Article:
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To Understand, Not to Be Understood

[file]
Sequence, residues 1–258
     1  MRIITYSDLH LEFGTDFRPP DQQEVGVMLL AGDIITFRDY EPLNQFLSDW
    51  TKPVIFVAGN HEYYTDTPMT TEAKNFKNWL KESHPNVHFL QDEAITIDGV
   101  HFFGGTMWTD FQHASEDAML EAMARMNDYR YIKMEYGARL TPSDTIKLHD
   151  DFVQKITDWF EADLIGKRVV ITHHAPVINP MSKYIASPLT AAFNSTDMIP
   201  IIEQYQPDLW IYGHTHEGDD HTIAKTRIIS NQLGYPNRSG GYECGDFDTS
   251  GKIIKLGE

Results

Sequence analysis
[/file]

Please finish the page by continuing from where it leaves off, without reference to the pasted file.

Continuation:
This morning's therapist.  This spring, I was editing a book about teaching music in underserved communities. In one section, the author was writing about maintaining high expectations, and he quoted his own teacher, who said, "Teach everything you know, every day." That makes a lot of sense in the classroom. Even with beginners, we can probably teach everything we know about music, every day, from meter to meaning. But here's where it doesn't work: WITH PEOPLE.  I had a hard moment last week. Very hard. I was talking with a couple of family members, and they were explaining something that upset them about the family. They had feelings and they were sharing them. I felt that I understood, and immediately launched into older-wiser-splaining. I was trying to say, "Yes, I have felt that. But here's a broader perspective on that. Look at it this way." That's not how it came out. I think it came out something like this: "Blah blah blah blah blah

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